It is observed in both Figure 3a,b that both strain gage signals and the thin film’s resistance data drift upwards as the number of loading cycles increases. In order to further observe the stability of both signals, load–unload cyclic tensile tests were conducted on specimens with MWCNT-Pluronic-PVDF thin films. Figure 5 shows one of the testing results. It should be noted that cyclic load was applied at a constant load rate of 0.1 kN/s, and the peak-to-peak values were 0.1 to 1 kN. The reason that the unloading cycle did not unload to 0 kN was that it was difficult for the load frame’s hydraulic pump to reach 0 load, and 0.1 kN was the lowest force value that the testing equipment could attain. This partially explains why both the strain gage and the thin film’s resistance did not return to their original values after each loading cycle. Similar to results in Figure 3b, the strain gage signal shown in Figure 5 drifts upwards during the first 10 loading cycles and that of the thin film’s resistance shows a similar pattern. This is due to the viscoelastic behavior of the testing coupon material, PA 6, for which an instantaneous softening of applied stress takes place immediately after the material is loaded. Therefore, when the applied load returned to the original minimum value, material elongation could not be totally recovered and therefore stayed at a slightly higher value [23]. This phenomenon vanished after nearly 10 cycles, as indicated by the strain gage data. The thin film results, however, show a random drifting pattern till the end of the test profile, indicating an unsteady electromechanical behavior. Many reasons may contribute to the drifting signal of the thin film. First, the thin film is a PVDF-based nanocomposite that exhibits viscoelastic behavior. Due to the Payne effect, which is a unique property of elastomers with fillers under small strain magnitude, a loss of the storage modulus of the thin film starts from the first cycle [36,37]. This is mainly due to the rearrangement of the MWCNT network responding to applied cyclic loads, and the electrical signals thus fluctuate every time when a new electrical path is formed [24,36]. Moreover, due to the load-controlled nature of the experiment, the strain rate of the specimen near both peaks could vary drastically, causing different degrees of stress relaxation of the thin film to take place and invoking random electrical behavior [38]. However, the gage factor of the thin film is not influenced throughout the cyclic loads [28]. The hysteresis analysis shows similar results as illustrated in Figure 6. The hysteresis loop of the thin film stays nearly intact in different cyclic periods, indicating reversible material behavior. Moreover, the narrow band of the loop indicates strong bonding between MWCNTs and the polymer matrix [27]. The jump of the thin film’s resistance observed in Figure 6 is due to the jump of the clamping device under low loads to overcome its self-weight; a similar signal was also observed in the grip separation data.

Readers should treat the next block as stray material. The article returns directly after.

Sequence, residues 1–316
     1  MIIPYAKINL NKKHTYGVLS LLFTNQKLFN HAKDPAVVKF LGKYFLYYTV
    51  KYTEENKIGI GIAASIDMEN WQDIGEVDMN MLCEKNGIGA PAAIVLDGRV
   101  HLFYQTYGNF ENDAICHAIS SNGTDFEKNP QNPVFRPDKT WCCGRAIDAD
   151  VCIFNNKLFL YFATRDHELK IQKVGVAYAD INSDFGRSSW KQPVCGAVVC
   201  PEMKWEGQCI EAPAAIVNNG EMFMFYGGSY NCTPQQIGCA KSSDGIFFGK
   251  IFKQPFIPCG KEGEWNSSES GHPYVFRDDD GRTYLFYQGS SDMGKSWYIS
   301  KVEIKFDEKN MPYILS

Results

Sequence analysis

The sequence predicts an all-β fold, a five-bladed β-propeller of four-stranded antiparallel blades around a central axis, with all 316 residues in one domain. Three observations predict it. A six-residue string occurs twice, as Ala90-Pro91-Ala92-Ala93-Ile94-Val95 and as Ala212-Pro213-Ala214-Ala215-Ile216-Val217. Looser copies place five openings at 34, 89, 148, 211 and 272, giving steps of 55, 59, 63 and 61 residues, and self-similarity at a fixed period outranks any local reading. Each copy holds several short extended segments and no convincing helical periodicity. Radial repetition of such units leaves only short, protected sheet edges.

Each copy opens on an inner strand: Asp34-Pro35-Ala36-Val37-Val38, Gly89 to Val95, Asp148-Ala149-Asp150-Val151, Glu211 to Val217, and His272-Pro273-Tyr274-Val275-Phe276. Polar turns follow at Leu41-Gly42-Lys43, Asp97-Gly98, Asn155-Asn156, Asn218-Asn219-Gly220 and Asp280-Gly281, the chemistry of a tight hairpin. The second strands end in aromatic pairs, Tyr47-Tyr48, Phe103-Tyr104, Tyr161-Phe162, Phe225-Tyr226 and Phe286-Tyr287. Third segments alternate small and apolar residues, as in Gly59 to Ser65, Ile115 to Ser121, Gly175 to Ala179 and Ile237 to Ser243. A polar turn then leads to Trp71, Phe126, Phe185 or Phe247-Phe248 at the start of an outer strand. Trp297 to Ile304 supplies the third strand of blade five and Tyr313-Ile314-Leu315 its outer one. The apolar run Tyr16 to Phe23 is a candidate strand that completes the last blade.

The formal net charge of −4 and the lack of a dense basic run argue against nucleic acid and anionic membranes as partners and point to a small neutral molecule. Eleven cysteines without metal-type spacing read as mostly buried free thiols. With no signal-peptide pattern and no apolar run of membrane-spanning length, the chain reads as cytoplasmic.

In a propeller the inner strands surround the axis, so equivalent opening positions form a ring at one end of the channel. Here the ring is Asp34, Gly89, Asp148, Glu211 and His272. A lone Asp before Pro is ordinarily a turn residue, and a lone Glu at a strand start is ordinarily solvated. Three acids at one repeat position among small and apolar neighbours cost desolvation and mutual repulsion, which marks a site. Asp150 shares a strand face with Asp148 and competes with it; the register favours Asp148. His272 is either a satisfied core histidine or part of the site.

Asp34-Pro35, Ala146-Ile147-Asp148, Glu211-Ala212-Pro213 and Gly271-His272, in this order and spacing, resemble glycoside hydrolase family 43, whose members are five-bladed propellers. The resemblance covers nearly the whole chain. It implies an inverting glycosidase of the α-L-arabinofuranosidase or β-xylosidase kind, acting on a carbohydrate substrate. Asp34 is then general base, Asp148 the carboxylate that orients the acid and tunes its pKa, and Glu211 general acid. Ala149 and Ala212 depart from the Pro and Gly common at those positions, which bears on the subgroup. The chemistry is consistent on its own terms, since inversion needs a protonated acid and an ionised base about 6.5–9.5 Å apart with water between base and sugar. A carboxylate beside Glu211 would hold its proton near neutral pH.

It should be pointed out that the entire test was performed in constant room temperature; the samples were left in the same room for at least one day before testing. Temperature is also an important factor determining a polymeric nanocomposite’s viscoelastic behavior [23,27,38], therefore future studies that characterize the thin film’s electromechanical performance under temperature influence will be carried out.

3.2. Characterization of MWCNT-PSS-PVDF Thin Film’s Conductivity

Figure 7 illustrates the measurement data from the two-point probe resistance measurement with respect to width variations. Since the thin film’s length and thickness remained unchanged throughout the experiment, it is equivalent to plot the resistance multiplied by its width, or R W , to represent the thin film’s equivalent resistivity, according to Equation (1). The measurement data suggests that the equivalent resistivity of the thin film stays intact until W became larger than 10 mm. As a material property, it can be concluded that Equation (1) remains a valid expression for calculating the thin film’s resistivity, and the nanocomposite behaves like a 1-D conductive wire. When W exceeds 10 mm, R W becomes width-dependent, indicating that Equation (1) is no longer valid for resistivity calculation. At this point, it can be concluded that not much material outside the width of 10 mm is effective in carrying the electrical current passing through the dedicated gage length. In other words, the thin film may not capture any strain deformations or damage that are more than 10 mm away in the transverse direction of the gage path using a two-point probe measurement.
The solid blue curve in Figure 7 is a data-fitting curve derived from the FEA model [35]. There is good agreement with the simulated data to the measurement data, when the bulk conductivity of the thin film was set to 140 S/m with an electrode size of 6 mm. Using the same input parameters, more simulations were performed with different thin film lengths. The dotted curves in Figure 7 plot the simulated results of thin films with different gage lengths at 98.8 mm, 64.2 mm, and 41.7 mm. As the gage length decreases, minor shifts of the thin film’s stabilizing point are detected, i.e., when the length is reduced by nearly 73% percent (from 152 mm to 41.7 mm), the R W value does not drift up until its width reaches approximately 10 mm. This result indicates that the scalability of the polymeric CNT thin film is dominated by its intrinsic electrical property and the electrode size. It shows that the current path in the transverse direction of the thin film is constrained. This knowledge is essential for future applications of the thin film being painted over a large distributed region so that the optimized electrode size and electrode spacing can be determined.